Saturday, August 12, 2017

10 Everyday Ways Charlottesville and White Supremacy Are Allowed to Still Happen


It is not the episodic marches and rallies that define white supremacy, it it is the ordinary, dull ways that society props up the racial caste system that lead to the most egregious offenses. American citizens, particularly white people, have to realize the how they unintentionally allow Charlottesville and white supremacy to happen.

Here’s a list of ten ways people allow white supremacy to reign in America.

1. Elect a president who plays on racist, nationalistic, xenophobic tropes to enflame a base that feels like they are being “replaced” by immigrants and minorities—a man who the KKK and white nationalist groups love to endorse. Allow said president to systematically assemble a cabinet of people who endorse his bigotry and can enact it in word and deed. Meanwhile ignore the vigorous warnings of the marginalized people his leadership will most adversely affect.

2. Never treat racism as an actual sin in the church. It’s a just a social issue and shouldn’t be discussed in the pulpit or the pews. Therefore Christians are never discipled in how to think about race in a biblical way, much less oppose it.

3. Fight tooth and nail to preserve Confederate monuments and flags, venerate Confederate people and events—the cultural artifacts that celebrate white supremacy. Do all this while refusing to acknowledge how the preservation of such symbols perpetuate a racial caste system and a longing among some citizens for the days when America was “great.” (i.e. when women, “coloreds” and the rest knew their place, and white men were more dominant)

4. Show private support for people of color but never risk anything by publicly proclaiming solidarity with the marginalized and letting the racists around you know that you won’t tolerate their trash. Have the backs of minorities…waaaay back.

5. Put almost all the burden for rectifying racism on minorities by telling them, “We want you to come to *our* spaces”, by asking them questions you could easily find the answers to on your own (Google it!), or by telling them in myriad ways that they need to change to fit the dominant culture and leave their own culture at the door.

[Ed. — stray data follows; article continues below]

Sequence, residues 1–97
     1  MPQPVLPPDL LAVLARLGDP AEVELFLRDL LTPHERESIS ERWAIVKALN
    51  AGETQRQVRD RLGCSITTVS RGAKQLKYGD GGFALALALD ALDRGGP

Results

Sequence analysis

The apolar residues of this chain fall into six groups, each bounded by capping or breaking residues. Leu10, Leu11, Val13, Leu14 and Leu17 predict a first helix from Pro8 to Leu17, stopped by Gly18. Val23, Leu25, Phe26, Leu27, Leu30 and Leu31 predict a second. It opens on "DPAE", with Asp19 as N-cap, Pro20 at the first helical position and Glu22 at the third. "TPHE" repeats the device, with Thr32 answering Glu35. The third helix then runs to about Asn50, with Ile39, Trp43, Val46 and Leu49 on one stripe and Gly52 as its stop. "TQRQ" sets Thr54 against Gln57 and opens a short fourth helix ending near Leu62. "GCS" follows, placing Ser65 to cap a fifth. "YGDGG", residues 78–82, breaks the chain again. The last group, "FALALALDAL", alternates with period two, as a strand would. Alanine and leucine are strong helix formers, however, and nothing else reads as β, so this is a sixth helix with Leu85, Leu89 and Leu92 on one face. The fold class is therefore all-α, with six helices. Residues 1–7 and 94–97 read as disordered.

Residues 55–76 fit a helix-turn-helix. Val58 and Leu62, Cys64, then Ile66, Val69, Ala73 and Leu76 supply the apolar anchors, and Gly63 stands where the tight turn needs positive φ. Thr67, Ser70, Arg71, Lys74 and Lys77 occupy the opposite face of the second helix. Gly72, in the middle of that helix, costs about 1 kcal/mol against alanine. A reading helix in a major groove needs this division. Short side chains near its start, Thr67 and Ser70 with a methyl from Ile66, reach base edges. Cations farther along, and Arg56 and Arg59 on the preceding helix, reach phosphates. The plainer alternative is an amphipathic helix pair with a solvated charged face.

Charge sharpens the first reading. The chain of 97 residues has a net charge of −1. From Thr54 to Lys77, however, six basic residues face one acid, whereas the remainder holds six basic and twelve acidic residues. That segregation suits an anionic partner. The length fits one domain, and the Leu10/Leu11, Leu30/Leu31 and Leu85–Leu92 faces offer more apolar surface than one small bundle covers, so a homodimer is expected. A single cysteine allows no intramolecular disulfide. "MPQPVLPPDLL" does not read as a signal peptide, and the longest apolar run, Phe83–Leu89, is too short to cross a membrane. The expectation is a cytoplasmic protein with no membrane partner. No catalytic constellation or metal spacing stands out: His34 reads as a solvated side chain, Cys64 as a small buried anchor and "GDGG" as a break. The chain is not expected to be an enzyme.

6. When a major racial incident happens at your church, job, or other institution, downplay its seriousness, make no substantive changes, and wait for the controversy to cool down so you can go back to business as usual.

7. Pursue diversity without pursuing equity/sharing power in your church, job, or organization. Then pat yourself on the back when your student body, congregation, or employee base shows any diversity whatsoever, never mind that their presence makes no real difference. The minorities in your organization are forced to assimilate instead of bringing their whole selves and creating true diversity.

8. When another racist incident makes national news headlines, make a big show of supporting people of color on social media and then keep voting for the same candidates with the same racially atavistic policy platforms, keep going to the same churches that endorse white supremacy through acts of commission or omission, keep allowing family members, friends, and acquaintances to hold racist ideas without confronting them, keep silencing people of color when they level charges of racism, and basically change absolutely nothing once the furor dies down.

9. Believe we’re “post-racial.” Pretend the Civil Rights movement solved all our most serious racial problems, secretly ask yourself “What more do these people want?” and convince yourself all “these people” must be exaggerating or overly sensitive.

10. Think that racism and white supremacy only negatively affect people of color and not the white people who learn to live with a lie about themselves and the world around them. Remember, white supremacy leaves everyone broken and bloody.

I could go on, but you get the point. Please don’t fall into the error of thinking that these events represent only a fringe element. I mean, they are a minority, but they are given permission by the majority to practice their hatred. We, particularly white Christians, must so stand against white supremacy that such views could never be publicly proclaimed. Further, to the extent that they are held private, Christians must confront this sin, no matter how costly. Only then will we begin to crack the shell of white supremacy that covers the American church.



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